IDENTIFYING AND ASSESSING THE RISKS OF MATERIAL MISSTATEMENT THROUGH UNDERSTANDING THE ENTITY AND ITS ENVIRONMENT ISA 315 296 Particular risks may arise where multiple users access a common database. • The possibility of IT personnel gaining access privileges beyond those necessary to perform their assigned duties thereby breaking down segregation of duties. • Unauthorized changes to data in master files. • Unauthorized changes to systems or programs. • Failure to make necessary changes to systems or programs. • Inappropriate manual intervention. • Potential loss of data or inability to access data as required. A57.

Manual elements in internal control may be more suitable where judgment and discretion are required such as for the following circumstances: • Large, unusual or non-recurring transactions. • Circumstances where errors are difficult to define, anticipate or predict. • In changing circumstances that require a control response outside the scope of an existing automated control. • In monitoring the effectiveness of automated controls. A58. Manual elements in internal control may be less reliable than automated elements because they can be more easily bypassed, ignored, or overridden and they are also more prone to simple errors and mistakes.

Consistency of application of a manual control element cannot therefore be assumed. Manual control elements may be less suitable for the following circumstances: • High volume or recurring transactions, or in situations where errors that can be anticipated or predicted can be prevented, or detected and corrected, by control parameters that are automated. • Control activities where the specific ways to perform the control can be adequately designed and automated. A59. The extent and nature of the risks to internal control vary depending on the nature and characteristics of the entity’s information system.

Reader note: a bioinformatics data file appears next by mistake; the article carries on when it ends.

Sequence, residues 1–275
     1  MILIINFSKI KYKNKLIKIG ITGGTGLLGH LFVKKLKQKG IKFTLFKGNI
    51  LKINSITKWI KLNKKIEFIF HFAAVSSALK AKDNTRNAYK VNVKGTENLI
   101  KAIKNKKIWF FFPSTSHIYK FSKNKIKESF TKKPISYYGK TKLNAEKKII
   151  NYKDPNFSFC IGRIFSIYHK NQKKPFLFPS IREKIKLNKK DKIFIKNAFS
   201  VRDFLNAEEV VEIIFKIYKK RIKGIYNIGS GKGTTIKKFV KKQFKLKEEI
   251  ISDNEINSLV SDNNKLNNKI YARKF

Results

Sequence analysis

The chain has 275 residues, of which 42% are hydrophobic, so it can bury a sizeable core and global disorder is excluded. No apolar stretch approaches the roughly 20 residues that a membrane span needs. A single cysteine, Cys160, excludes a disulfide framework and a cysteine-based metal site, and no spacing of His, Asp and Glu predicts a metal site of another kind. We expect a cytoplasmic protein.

The entity responds to the risks arising from the use of IT or from use of manual elements in internal control by establishing effective controls in light of the characteristics of the entity’s information system. Controls Relevant to the Audit A60. There is a direct relationship between an entity’s objectives and the controls it implements to provide reasonable assurance about their achievement. The IDENTIFYING AND ASSESSING THE RISKS OF MATERIAL MISSTATEMENT THROUGH UNDERSTANDING THE ENTITY AND ITS ENVIRONMENT 297 ISA 315 AUDITING ntity’s objectives, and therefore controls, relate to financial reporting, operations and compliance; however, not all of these objectives and controls are relevant to the auditor’s risk assessment. A61. Factors relevant to the auditor’s judgment about whether a control, individually or in combination with others, is relevant to the audit may include such matters as the following: • Materiality. • The significance of the related risk. • The size of the entity. • The nature of the entity’s business, including its organization and ownership characteristics. • The diversity and complexity of the entity’s operations. Applicable legal and regulatory requirements. • The circumstances and the applicable component of internal control. • The nature and complexity of the systems that are part of the entity’s internal control, including the use of service organizations. • Whether, and how, a specific control, individually or in combination with others, prevents, or detects and corrects, material misstatement. A62. Controls over the completeness and accuracy of information produced by the entity may be relevant to the audit if the auditor intends to make use of the information in designing and performing further procedures.